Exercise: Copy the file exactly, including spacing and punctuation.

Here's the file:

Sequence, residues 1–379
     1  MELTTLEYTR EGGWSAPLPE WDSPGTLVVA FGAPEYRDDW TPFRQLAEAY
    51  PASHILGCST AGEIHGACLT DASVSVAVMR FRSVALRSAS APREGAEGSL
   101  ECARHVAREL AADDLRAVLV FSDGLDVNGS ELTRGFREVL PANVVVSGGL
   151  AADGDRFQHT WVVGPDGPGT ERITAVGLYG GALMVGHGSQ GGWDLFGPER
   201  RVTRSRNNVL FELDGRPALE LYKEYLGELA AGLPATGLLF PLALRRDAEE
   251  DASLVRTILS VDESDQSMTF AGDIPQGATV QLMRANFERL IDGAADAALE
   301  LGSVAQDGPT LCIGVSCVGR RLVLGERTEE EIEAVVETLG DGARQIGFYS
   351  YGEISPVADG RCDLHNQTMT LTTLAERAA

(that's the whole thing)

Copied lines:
Sequence, residues 1–379
     1  MELTTLEYTR EGGWSAPLPE WDSPGTLVVA FGAPEYRDDW TPFRQLAEAY
    51  PASHILGCST AGEIHGACLT DASVSVAVMR FRSVALRSAS APREGAEGSL
   101  ECARHVAREL AADDLRAVLV FSDGLDVNGS ELTRGFREVL PANVVVSGGL
   151  AADGDRFQHT WVVGPDGPGT ERITAVGLYG GALMVGHGSQ GGWDLFGPER
   201  RVTRSRNNVL FELDGRPALE LYKEYLGELA AGLPATGLLF PLALRRDAEE
   251  DASLVRTILS VDESDQSMTF AGDIPQGATV QLMRANFERL IDGAADAALE
   301  LGSVAQDGPT LCIGVSCVGR RLVLGERTEE EIEAVVETLG DGARQIGFYS
   351  YGEISPVADG RCDLHNQTMT LTTLAERAA